Surprised by Hope: Rethinking Heaven, the Resurrection, and the Mission of the Church  by N. T. Wright

Simply Christian: Why Christianity Makes Sense  by N. T. Wright

Courses by N. T. Wright:

N. T. Wright, In The Day the Revolution Began, N. T. Wright once again challenges commonly held Christian beliefs as he did in his acclaimed Surprised by Hope. Demonstrating the rigorous intellect and breathtaking knowledge that have long defined his work, Wright argues that Jesus’ death on the cross was not only to absolve us of our sins; it was actually the beginning of a revolution commissioning the Christian faithful to a new vocation—a royal priesthood responsible for restoring and reconciling all of God’s creation.

N. T. Wright, In this course Simply Jesus, students will be immersed in the 1st Century A.D. context of the life, work, teachings, and actions of Jesus of Nazareth. The goal of the course is to look at the story of Jesus from the perspective of a historian. Too many times Jesus of Nazareth becomes interpreted as simply another ‘religious figure’ among many religious figures. But this so often eliminates the understanding of a man who lived in time and space at a critical time of history.

N. T. Wright, How do we know that Jesus was actually raised from the dead in bodily form? This course with Prof. N.T. Wright, The Resurrection of the Son of God, examines the extraordinary claim that Jesus of Nazareth was raised from the dead in a bodily fashion to appear in person to people after his cruel death, crucifixion, and entombment. This journey will look at the ancient world’s understanding of the afterlife from Jewish and Greek perspectives along with the implications of their understandings as it relates to the early Christian claim of the bodily resurrection of Jesus.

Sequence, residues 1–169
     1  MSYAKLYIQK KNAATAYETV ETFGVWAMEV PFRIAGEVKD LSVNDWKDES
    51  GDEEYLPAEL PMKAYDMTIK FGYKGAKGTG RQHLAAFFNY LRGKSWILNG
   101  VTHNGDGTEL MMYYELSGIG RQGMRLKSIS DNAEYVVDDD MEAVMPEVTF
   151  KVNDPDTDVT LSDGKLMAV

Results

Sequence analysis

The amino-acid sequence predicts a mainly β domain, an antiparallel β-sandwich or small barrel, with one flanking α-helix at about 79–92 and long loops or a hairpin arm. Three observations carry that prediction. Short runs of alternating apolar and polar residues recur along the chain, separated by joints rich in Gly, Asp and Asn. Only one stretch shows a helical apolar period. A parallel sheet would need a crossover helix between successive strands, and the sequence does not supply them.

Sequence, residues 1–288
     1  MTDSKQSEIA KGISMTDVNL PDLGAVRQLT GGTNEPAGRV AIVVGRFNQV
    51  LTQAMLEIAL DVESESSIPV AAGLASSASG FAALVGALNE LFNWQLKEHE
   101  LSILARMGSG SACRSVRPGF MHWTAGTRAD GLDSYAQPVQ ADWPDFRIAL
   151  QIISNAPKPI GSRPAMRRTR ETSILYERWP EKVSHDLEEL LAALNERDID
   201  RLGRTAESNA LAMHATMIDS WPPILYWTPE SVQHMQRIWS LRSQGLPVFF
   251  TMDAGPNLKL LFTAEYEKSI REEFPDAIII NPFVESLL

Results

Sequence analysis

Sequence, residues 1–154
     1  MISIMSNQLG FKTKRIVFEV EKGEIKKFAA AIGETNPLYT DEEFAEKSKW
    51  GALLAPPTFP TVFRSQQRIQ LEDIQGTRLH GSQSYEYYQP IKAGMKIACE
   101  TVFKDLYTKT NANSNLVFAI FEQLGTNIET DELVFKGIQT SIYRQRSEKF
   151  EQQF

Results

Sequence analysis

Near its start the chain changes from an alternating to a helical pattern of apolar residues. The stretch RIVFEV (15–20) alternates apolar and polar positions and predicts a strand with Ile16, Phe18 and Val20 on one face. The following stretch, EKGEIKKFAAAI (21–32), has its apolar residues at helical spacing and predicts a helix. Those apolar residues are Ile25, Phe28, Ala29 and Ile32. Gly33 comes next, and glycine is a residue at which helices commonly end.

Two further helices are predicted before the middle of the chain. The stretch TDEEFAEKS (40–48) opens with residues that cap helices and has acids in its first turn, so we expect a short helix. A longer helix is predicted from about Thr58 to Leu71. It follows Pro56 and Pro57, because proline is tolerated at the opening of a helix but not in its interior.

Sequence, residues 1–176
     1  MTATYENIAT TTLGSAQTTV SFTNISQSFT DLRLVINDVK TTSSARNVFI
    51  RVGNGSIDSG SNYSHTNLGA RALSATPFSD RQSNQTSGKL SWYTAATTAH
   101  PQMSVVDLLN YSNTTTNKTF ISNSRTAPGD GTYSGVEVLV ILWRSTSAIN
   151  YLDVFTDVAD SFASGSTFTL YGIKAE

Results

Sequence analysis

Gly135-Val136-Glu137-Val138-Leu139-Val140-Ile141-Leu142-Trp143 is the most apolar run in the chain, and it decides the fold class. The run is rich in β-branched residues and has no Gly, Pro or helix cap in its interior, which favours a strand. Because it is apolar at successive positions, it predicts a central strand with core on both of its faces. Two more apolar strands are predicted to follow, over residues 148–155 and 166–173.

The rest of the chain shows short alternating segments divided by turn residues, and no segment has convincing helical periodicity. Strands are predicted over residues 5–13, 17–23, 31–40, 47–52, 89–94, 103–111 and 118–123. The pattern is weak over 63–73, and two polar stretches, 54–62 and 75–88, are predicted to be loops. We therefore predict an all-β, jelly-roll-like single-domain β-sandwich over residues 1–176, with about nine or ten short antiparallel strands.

N. T. Wright, Simply Good News is an introductory course based on the teachings of Prof. N.T. Wright and his book bearing the same title. The student will be guided through the idea of what ‘good news’ meant to the 1st Century person living in the Roman Empire. The course will also guide the student to understand how that ‘good news’ is to be understood by readers of the New Testament in the 21st Century.

N. T. Wright, Paul: A Biography – N. T. Wright’s definitive biography of Paul reveals the apostle’s lasting role in Christian history as an inventor of new paradigms for how we understand Jesus and what he accomplished. Wright celebrates Paul’s stature as one of the most effective and influential intellectuals in human history, while shedding fresh light on his writings, thoughts, and ideas. Consider these remarkable facts: Paul’s writing occupy less than 90 pages in a modern translation yet they have, page per page, generated more sermons, books, monographs, and journal articles than any other writings from the ancient world.

Themes in the Gospel of John by N. T. Wright:  The course approaches the Gospel of John in a way that looks at seven key themes. These themes bind the Fourth Gospel together in a manner that allows us to see this ‘new way of living’ as possible for followers of King Jesus. In so doing, we then apply these themes to the current era in order to ask ourselves questions about how we are putting them into practice. In a way, this is the story of how to live out being the presence of God on earth through the indwelling of God’s spirit.